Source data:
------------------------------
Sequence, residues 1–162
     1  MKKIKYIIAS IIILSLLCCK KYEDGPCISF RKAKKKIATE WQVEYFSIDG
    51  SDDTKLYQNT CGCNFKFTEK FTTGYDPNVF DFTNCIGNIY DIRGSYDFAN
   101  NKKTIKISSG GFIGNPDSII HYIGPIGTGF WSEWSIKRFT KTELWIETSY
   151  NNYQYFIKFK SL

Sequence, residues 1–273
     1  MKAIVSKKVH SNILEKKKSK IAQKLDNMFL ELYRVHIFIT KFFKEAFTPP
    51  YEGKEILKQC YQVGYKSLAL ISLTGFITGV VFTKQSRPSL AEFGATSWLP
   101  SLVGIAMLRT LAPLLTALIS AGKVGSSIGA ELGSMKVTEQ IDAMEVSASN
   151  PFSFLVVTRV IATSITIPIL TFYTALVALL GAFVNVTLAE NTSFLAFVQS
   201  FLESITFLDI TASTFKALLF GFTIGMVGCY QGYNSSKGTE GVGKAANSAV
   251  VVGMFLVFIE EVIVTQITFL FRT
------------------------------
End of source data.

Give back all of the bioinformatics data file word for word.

Sequence, residues 1–162
     1  MKKIKYIIAS IIILSLLCCK KYEDGPCISF RKAKKKIATE WQVEYFSIDG
    51  SDDTKLYQNT CGCNFKFTEK FTTGYDPNVF DFTNCIGNIY DIRGSYDFAN
   101  NKKTIKISSG GFIGNPDSII HYIGPIGTGF WSEWSIKRFT KTELWIETSY
   151  NNYQYFIKFK SL

Sequence, residues 1–273
     1  MKAIVSKKVH SNILEKKKSK IAQKLDNMFL ELYRVHIFIT KFFKEAFTPP
    51  YEGKEILKQC YQVGYKSLAL ISLTGFITGV VFTKQSRPSL AEFGATSWLP
   101  SLVGIAMLRT LAPLLTALIS AGKVGSSIGA ELGSMKVTEQ IDAMEVSASN
   151  PFSFLVVTRV IATSITIPIL TFYTALVALL GAFVNVTLAE NTSFLAFVQS
   201  FLESITFLDI TASTFKALLF GFTIGMVGCY QGYNSSKGTE GVGKAANSAV
   251  VVGMFLVFIE EVIVTQITFL FRT